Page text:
Rene and I sat astride picnic tables in the park pavilion. The city of parks description could easily be seen from where we were and the surrounding green, splashing from the wading pool and laughing coming from the playground certainly made it seem so. Rene was the outreach coordinator for the local library. She had been an encouraging force throughout my ten years working for educational programs in Guatemala, but specifically during the time I supported the creation and maintenance of a library in Santa Catarina Palopó, my Peace Corps site. I pleaded with her for a purpose during the first months after I returned to Wisconsin. When I ran into her at the library, she suggested I assist her in her multicultural storytime, a pilot outreach program at the parks for the summer. The wind picked up. Rain threatened. The weather provided stormy Mondays for most of June, but I hoped it wasn’t going to continue. My dad authoritatively informed me that weather cycles every 7-10 days, so most likely I could count on a lot more rain.
“I recently accepted a position at the local literacy nonprofit, part time. I’m still not convinced I want it,” I confessed.
“So for now you’re not going back to school?” Rene asked. “You were considering a Ph.D.”
“My dad’s voice is in my head. If I can work, I should work. Grad school is expensive, especially when all I really want is a conversation.”
“Well sure, I didn’t go to school until I knew what I wanted.” Wow. That was brave.
“I’m hoping, I guess, this literacy part time thing will open doors. I don’t have any really connections with the local educational community. University options sure didn’t help,” I complained.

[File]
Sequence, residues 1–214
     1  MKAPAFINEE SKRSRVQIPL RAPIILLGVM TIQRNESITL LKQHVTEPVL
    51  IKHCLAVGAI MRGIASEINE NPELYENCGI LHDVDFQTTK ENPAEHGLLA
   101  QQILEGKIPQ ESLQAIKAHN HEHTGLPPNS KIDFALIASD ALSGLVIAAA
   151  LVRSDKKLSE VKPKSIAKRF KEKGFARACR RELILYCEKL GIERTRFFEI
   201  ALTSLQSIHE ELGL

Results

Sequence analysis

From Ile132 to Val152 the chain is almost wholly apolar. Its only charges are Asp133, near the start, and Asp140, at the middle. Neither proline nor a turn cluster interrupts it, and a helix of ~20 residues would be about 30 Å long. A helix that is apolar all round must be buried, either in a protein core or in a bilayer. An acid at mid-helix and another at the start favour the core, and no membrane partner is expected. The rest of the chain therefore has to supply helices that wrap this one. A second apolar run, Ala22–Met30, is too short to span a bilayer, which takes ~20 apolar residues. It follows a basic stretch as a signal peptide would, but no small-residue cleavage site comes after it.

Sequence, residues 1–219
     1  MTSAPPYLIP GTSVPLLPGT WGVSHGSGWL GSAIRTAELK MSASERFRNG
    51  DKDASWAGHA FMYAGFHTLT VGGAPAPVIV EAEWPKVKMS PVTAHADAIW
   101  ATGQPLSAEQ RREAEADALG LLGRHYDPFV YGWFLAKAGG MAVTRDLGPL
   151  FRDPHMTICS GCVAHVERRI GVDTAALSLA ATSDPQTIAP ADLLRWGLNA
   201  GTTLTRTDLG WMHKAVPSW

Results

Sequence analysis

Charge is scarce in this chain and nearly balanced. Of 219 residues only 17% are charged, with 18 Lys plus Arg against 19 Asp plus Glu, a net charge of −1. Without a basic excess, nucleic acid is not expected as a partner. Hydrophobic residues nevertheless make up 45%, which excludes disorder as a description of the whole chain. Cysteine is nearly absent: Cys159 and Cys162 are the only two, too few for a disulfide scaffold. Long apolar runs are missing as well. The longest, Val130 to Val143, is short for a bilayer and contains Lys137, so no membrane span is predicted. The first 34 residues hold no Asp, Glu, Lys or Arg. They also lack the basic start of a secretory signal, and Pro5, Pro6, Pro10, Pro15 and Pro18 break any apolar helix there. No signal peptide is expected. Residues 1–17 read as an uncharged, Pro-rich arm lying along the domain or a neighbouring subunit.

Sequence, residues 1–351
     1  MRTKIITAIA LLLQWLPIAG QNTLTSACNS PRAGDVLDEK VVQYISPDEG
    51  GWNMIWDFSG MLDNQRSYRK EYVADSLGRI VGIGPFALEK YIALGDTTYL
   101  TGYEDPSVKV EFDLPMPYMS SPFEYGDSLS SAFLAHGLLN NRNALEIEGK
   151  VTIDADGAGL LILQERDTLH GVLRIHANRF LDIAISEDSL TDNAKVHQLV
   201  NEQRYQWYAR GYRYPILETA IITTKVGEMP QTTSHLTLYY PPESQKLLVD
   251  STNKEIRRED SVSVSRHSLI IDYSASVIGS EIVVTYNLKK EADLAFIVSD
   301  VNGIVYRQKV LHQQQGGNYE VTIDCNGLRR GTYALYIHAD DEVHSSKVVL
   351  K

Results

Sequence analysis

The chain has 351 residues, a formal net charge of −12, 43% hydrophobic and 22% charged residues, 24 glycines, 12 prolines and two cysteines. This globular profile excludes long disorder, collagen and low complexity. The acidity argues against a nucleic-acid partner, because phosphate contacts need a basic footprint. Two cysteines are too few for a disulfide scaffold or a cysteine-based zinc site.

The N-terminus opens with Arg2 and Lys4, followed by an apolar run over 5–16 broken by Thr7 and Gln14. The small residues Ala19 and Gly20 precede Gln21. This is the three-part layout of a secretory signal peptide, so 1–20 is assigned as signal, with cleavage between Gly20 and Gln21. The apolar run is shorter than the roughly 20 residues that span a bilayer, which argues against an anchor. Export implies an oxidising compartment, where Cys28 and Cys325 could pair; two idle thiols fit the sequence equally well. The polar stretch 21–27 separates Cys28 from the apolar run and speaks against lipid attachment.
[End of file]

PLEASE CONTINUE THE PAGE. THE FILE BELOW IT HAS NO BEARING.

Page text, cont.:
“How about a blog?” Rene offered.
“Writing a blog would be cheaper.” The soft shadow teacher bit me quickly when I mentioned it. A Ph. D. was uppity and disconnected in some sense to my previous jobs, but the blog was just plain narcissistic. Wasn’t it? Reading, writing, teaching or learning, casually and truly for fun, felt a long time ago. “I think this must be what divorce feels like,” I concluded.
“You’ll find something,” Rene smirked.
“I’m weird! I made myself weird. At the time each decision to go back and forth to Guatemala had an objective and now no one knows what to do with me. I don’t know what to do with me. I’m undatable.”
“Regardless,” her pony tail bounced as she turned her head, “something will happen when you least expect it.”
“The professional club encompassing “teacher” feels very limited. Or at least that is the way my job search feels.” Limited or limiting? I wondered. “It’s so easy to think that I could just raise goats with my dad. Why not? Why should I deal with this professional life?”
“You make it sound like a relationship. I already fell in love once. Right now, teaching and I are just going to be friends.” Rene laughed. She handed out the themes for the remaining storytimes and it was decided we would meet again, including Kari, the summer intern, to look for materials. “I have piles of activities that go with your theme. I left them at home. I haven’t reclassified all my teacher stuff yet. I carried so many different envelopes and boxes back and forth these past years, and I never bothered to put them back.” Rene sipped her Diet Coke like it was the simplest choice to purchase. I still felt the sting from my first months in Peace Corps when I bought a Diet Coke to drink in front of students in a classroom who had no refreshment. I had a lot of voices in my head. I hoped I could recognize my own.